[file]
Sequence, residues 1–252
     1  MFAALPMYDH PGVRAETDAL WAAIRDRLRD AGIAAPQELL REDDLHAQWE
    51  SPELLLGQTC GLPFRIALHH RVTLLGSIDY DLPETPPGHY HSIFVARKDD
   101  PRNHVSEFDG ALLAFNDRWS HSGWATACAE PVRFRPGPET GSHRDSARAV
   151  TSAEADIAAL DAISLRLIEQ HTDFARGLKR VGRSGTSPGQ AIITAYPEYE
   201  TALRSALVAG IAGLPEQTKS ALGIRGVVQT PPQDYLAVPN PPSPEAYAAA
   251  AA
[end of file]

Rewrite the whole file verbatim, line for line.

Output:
Sequence, residues 1–252
     1  MFAALPMYDH PGVRAETDAL WAAIRDRLRD AGIAAPQELL REDDLHAQWE
    51  SPELLLGQTC GLPFRIALHH RVTLLGSIDY DLPETPPGHY HSIFVARKDD
   101  PRNHVSEFDG ALLAFNDRWS HSGWATACAE PVRFRPGPET GSHRDSARAV
   151  TSAEADIAAL DAISLRLIEQ HTDFARGLKR VGRSGTSPGQ AIITAYPEYE
   201  TALRSALVAG IAGLPEQTKS ALGIRGVVQT PPQDYLAVPN PPSPEAYAAA
   251  AA